When thinking of Albert Hammond Jr, it’s natural to immediately think of that rather well-known band for whom he plays the guitar with. The Strokes are arguably one of the largest indie rock bands of the past couple of decades. Yet, Hammond Jr’s solo career is by no means overshadowed by this. Hammond Jr has enjoyed his own, well deserved, success, with four highly praised albums. The latest of which, Francis Trouble released earlier this year, showcases Hammond Jr’s consistently improving songwriting capabilities.
It was rather quiet upon entering SWG3, as suitable support band Yassassin were playing their last couple of tracks. The sparse crowd was an eclectic mix of styles and haircuts, which perfectly represented various generations of gig-goers. Regardless, everyone in attendance looked ready for the headliner as Yassassin left the Stage. The shiny gold disco suit in which Hammond Jr bounded on to the stage donning, accurately conveyed his energy, yet was the complete antithesis to the extremely mellow crowd. As Glasgow crowds go, it was poor form – apart from the group at the front representing the younger demographic, who bounced around and sang along to every song and even chanted “Albert, Albert, Albert f*****g Hammond” a few times throughout the night.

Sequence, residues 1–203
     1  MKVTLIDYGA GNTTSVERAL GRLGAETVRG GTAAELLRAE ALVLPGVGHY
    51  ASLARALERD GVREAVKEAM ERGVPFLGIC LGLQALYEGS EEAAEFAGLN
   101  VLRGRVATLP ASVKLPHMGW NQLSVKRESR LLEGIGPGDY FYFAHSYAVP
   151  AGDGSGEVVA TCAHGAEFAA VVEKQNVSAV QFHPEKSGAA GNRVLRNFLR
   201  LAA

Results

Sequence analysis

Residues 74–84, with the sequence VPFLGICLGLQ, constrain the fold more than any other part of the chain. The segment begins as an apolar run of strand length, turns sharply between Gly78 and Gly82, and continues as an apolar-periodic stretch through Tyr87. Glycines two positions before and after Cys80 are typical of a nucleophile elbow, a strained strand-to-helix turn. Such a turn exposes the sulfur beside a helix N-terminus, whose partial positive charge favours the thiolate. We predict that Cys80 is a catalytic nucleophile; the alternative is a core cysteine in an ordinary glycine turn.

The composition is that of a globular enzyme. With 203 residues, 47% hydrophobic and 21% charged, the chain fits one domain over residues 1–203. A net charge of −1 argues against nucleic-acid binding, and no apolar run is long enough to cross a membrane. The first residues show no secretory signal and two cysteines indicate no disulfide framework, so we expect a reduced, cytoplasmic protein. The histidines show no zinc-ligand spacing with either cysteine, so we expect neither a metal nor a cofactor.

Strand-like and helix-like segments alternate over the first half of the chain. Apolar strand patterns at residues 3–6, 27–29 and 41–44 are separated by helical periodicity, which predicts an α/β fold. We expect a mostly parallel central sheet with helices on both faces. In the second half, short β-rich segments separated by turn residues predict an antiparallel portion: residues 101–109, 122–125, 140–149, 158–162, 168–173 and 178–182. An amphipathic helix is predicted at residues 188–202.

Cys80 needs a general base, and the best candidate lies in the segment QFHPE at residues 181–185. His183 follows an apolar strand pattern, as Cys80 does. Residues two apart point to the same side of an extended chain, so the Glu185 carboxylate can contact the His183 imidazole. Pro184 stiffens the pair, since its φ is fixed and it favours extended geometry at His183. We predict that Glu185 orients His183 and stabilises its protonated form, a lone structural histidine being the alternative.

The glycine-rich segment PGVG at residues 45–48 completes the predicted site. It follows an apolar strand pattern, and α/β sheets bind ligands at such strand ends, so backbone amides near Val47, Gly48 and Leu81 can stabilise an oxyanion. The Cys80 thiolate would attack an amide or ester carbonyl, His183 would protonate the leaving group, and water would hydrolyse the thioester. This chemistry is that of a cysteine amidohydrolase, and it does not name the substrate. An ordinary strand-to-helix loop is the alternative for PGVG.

The performance ramped up during ‘Tea for Two’ and ‘Far Away Truths’, with Hammond Jr jumping up and acrobatically dangling from the roof. Later, Albert displayed some of his more heartfelt and reflective songwriting in ‘Rocky’s Late Night’ and ‘St. Justice’. This was shortly followed by launching into some more energetic tracks like ‘In Transit’, where Hammond Jr dived into the crowd and willingly-or-not acquired kisses whilst saying hello to, and dancing with, some of the more energetic members of the audience.
The tracks played from his latest album actually supplied most of the standout moments during the gig, which is not all that common in a music world plagued by ‘second album syndrome’. Hammond Jr’s excitement and energy throughout the whole set was infectious and justified at the quality of his songwriting. Ultimately I left feeling he deserved a larger audience, as artist and band’s performance fully warranted it.
By Anthony Florida-James